In what can be termed a massive relief to flight travellers, the International Air Transport Association (IATA) proves that the COVID-19 transmission during flight journey is highly unlikely. Only 44 pandemic cases are reported since 2020 that can be associated with a flight journey. This is considerably low when compared to the fact that 1.2 billion passengers have taken the flight during the period.
Airlines’ study on COVID-19 during the flight journey
There is a plausible explanation for the reason of such low contraction, according to a joint publication by Airbus, Boeing and Embraer of different computational fluid dynamics (CFD) research. The aircraft’s airflow systems do control the movement of particles in the cabin, limiting the spread of viruses.
The airflow systems with High-Efficiency Particulate Air (HEPA) filters and the natural barriers of the seat back, the downward flow of air — all reduce the virus transmission in-flight. Additionally, the mask and other protective gears worn by the travellers ensure more protection. HEPA filters have more than 99.9% of bacteria/virus removal efficiency rate.
There is only a limited chance of face-to-face interactions between the passengers on a flight journey. The passengers’ movement is also less. There is only less air movement from one row to another. Besides, a high rate of fresh air is coming into the cabin. Air is exchanged 20-30 times per hour onboard most aircraft, which compares very favourably with the average office space (average 2-3 times per hour) or schools (average 10-15 times per hour).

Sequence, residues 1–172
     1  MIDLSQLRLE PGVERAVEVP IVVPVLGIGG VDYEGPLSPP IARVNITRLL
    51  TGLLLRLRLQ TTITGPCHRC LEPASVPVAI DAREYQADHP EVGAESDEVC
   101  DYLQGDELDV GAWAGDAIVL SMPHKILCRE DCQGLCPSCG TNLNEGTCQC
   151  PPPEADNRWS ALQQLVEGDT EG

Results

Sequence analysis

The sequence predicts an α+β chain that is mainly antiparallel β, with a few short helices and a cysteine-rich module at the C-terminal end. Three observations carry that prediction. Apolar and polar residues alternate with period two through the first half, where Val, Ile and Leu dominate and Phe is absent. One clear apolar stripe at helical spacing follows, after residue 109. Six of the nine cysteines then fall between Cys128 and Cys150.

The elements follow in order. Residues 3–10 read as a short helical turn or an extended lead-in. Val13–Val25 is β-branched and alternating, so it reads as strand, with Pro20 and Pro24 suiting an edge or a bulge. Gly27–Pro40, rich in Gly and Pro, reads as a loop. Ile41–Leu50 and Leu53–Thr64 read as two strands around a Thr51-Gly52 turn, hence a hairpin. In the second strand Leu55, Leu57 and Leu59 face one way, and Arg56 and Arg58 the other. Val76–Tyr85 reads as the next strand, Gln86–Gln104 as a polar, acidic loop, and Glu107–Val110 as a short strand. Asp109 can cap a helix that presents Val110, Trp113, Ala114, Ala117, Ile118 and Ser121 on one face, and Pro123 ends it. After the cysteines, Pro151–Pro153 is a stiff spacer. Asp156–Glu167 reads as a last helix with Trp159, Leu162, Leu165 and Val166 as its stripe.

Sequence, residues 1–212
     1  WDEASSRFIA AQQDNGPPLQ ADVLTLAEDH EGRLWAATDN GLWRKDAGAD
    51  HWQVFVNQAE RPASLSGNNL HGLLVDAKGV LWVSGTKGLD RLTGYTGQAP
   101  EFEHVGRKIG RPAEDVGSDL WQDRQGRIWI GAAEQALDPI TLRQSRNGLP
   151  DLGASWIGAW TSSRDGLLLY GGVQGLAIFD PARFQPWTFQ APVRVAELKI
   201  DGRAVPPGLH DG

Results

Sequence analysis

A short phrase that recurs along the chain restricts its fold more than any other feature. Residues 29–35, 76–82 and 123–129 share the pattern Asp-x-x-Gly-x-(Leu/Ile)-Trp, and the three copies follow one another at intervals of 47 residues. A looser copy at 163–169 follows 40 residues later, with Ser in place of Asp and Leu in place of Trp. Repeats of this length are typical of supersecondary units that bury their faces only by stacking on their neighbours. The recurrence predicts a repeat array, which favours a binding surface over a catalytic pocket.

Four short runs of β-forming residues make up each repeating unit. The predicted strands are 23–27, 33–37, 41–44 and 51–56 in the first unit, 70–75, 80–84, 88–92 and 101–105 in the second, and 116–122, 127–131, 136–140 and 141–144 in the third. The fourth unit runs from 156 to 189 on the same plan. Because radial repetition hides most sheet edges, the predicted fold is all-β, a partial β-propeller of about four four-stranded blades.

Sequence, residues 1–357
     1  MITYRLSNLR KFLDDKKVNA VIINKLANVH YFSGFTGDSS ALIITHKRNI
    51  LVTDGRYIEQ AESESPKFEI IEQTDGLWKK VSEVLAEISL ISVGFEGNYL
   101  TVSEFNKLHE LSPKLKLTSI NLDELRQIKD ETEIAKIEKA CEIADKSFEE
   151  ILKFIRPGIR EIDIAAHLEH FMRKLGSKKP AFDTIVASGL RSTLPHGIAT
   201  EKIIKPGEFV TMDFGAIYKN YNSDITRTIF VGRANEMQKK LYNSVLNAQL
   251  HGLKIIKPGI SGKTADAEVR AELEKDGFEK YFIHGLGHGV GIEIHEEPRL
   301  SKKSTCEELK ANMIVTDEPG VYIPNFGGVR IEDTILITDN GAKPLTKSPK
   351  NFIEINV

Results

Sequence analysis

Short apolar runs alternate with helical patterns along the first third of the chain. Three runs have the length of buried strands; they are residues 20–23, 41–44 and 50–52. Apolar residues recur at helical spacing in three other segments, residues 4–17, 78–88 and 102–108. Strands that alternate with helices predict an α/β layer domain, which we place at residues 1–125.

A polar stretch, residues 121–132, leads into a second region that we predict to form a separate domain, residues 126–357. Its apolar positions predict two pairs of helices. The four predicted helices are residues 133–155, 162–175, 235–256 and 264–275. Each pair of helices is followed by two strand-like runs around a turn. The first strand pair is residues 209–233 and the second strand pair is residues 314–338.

Freedman and Wilder-Smith also published a similar study arriving at the same conclusion. The Journal of Travel Medicine carries this article.
IATA reached out to airlines and public authorities to analyze the existing literature on the subject. As of now, no studies indicate a high risk of contracting COVID-119 during flight journey.
Even if 90% of the cases go unreported, it would be one in 2.7 million travellers. These figures are incredibly reassuring, says Dr David Powell, IATA’s Medical Advisor. He added that the majority of published cases occurred before the wearing of face coverings inflight became widespread.
IATA made it compulsory to wear masks since June 2020. The organization also insisted on the implementation of the Takeoff Guidance by the International Civil Aviation Organization (ICAO). This guidance adds multiple layers of protection on top of the airflow systems, which already ensure a safe cabin environment with very low risks of inflight transmission of disease.